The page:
Chinese scientists have made progress in the clinical application of brain-computer interface technology after a successful experiment on a 72-year-old patient suffering from paraplegia in Hangzhou, East China's Zhejiang province.
According to an announcement made by Zhejiang University on Thursday, a team of researchers and doctors from the university's Qiushi Academy for Advanced Studies and the university's Second Affiliated Hospital has successfully implanted microelectrodes, or the brain-computer interface, into a patient's brain. This links the central nervous system to a mechanical arm exterior to the body, enabling a patient to control the arm through natural signals from the brain.
This was the first successful BCI operation on an elderly patient in China.
For those with spinal nerve traumas or disabilities in motor functions, simple actions such as grabbing and holding are almost impossible because to complete such activities, there are complex brain signals which must be transmitted and decoded.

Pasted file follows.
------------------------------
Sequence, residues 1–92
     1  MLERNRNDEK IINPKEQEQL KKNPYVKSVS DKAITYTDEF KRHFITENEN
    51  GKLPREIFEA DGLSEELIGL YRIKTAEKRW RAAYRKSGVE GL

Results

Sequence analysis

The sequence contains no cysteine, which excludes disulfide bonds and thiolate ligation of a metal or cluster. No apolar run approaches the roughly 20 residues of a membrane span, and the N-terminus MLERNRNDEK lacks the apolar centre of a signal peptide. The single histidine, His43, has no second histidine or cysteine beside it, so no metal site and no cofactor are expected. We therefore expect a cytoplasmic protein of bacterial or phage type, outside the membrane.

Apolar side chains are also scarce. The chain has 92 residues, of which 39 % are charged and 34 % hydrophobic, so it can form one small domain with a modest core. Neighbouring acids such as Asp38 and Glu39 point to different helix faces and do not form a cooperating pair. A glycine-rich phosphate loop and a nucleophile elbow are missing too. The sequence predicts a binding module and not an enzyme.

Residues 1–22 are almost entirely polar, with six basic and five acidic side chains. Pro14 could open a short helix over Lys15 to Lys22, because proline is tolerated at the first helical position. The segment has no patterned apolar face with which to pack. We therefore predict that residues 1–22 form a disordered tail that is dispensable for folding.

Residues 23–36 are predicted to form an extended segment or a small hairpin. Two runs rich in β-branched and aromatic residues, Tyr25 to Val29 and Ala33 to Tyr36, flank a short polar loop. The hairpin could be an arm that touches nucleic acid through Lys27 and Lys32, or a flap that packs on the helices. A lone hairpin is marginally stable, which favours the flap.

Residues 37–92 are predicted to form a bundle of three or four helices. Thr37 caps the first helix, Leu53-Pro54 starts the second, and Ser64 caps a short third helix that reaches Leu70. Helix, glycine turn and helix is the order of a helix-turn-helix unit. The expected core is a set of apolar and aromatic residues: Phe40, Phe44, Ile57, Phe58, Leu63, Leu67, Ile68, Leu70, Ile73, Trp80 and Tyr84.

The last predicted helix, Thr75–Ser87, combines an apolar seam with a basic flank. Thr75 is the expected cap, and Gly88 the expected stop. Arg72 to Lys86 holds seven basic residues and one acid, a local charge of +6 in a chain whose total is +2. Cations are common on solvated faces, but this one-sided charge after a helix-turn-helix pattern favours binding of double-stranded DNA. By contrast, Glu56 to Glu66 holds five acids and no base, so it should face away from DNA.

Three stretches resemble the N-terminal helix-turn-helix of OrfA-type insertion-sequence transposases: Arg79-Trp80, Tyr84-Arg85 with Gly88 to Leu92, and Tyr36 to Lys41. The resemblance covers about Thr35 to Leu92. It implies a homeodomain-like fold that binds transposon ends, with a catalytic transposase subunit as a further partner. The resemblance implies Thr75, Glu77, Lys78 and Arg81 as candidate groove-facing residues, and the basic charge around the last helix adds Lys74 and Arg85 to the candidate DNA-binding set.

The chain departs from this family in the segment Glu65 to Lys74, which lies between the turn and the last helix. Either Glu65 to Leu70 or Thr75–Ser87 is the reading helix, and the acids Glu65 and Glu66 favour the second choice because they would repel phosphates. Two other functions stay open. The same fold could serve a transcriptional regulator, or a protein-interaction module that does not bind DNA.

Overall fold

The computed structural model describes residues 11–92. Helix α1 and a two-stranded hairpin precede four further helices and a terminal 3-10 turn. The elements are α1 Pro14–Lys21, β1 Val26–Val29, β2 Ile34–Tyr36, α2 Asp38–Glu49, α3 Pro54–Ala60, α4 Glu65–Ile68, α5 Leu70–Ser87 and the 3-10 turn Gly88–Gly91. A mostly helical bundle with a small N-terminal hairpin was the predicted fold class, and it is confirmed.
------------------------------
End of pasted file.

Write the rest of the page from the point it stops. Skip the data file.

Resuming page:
"There are billions of neurons in the brain sending out electric pulses to issue orders to our body," one researcher from Zhejiang University said. Their work is to collect and decode the signals, then match them with physical movements.
The BCI, usually comprised of tiny recording instruments or microelectrodes, is a direct communication pathway between the brain and an external mechanical device. As long as the cerebral cortex functions well, computers can receive and read the signals and help control external devices.
Video footage provided by Zhejiang University.